The Boston Globe
March 08, 2008
COLOMBIA'S RECENT raid on a camp of revolutionary guerrillas a mile inside Ecuador has prompted threats of war and blasts of verbal bravado from Ecuador's president, Rafael Correa, and his ally, Venezuelan President Hugo Chávez. The tumult over Colombia's killing of 24 fighters with the guerrilla movement FARC, including its spokesman Raul Reyes, is a reminder that history did not end in this hemisphere with the conclusion of the Cold War. If anything, the region's social and political conflicts emerge more clearly now that they are no longer obscured by the superpowers' global struggle.
Still, this regional crisis has provoked reflexes reminiscent of the Cold War. Chávez moved 10 army battalions to the Colombian border, and his defense minister said the mobilization was "not against the people of Colombia, but rather against the expansionist designs of the Empire" - a Chávista way of invoking "yanqui" imperialism.
In a similar vein, the government of Colombia's president, Alvaro Uribe, which has received billions of dollars of aid from the Bush administration, ostensibly to fight a war on drugs, accused Chávez and Correa of backing FARC (the Revolutionary Armed Forces of Colombia) in its efforts to seize power in Colombia. The existence of FARC camps in Ecuador and Venezuela has long been an open secret. After the raid last weekend, Colombia claimed to have captured a laptop with indications of $300 million in payments to the FARC from Venezuela.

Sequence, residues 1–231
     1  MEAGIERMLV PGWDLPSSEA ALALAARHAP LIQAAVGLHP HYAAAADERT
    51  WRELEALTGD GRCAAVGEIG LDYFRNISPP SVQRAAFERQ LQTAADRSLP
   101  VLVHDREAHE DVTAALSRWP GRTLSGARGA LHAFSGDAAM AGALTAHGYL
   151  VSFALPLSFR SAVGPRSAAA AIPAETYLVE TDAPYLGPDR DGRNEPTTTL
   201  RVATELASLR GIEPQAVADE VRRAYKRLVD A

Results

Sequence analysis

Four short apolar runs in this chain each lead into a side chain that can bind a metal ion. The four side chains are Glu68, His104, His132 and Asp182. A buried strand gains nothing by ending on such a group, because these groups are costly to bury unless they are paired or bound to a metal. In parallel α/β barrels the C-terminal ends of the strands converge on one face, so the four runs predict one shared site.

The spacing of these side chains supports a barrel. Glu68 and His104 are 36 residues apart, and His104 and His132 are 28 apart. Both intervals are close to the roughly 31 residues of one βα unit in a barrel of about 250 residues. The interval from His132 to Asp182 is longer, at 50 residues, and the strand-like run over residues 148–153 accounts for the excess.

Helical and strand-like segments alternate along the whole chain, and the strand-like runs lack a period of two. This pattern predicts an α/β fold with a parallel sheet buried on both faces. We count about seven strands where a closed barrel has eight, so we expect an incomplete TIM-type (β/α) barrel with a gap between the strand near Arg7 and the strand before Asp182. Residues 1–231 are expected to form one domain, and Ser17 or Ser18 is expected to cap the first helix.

Some of this money might be construed as ransom for hostages that the FARC released after negotiations mediated by Venezuela. But if the Colombian allegation about the $300 million is true, Chávez has something to answer for - particularly since the FARC has been able to acquire great sums from its share of the Colombian cocaine trade.
The first requirement for resolving this crisis should be to stifle the outmoded Cold War rhetoric on all sides. This restraint could begin in Washington, where President Bush has rashly supported Uribe's right to violate Ecuador's national sovereignty.
The nations of South America have a justifiable sensitivity to any hint of interventionism. The attitude of Brazil's president, Luis Inacio Lula da Silva, is instructive. No admirer of Chávez, the populist known simply as Lula attributed the Bush administration's support for Uribe to his being an "unconditional puppet" of Washington. Lula also observed, sagely, that "when such things happen it is always difficult to find a solution because nobody wants to go back on what they have done."
Hard as it may be, both sides must go back on what they have done. Uribe has apologized to Ecuador but should also pledge to respect his neighbor's sovereignty. In return, Correa and Chávez should stop sheltering the FARC's drug-dealing, hostage-taking guerrillas.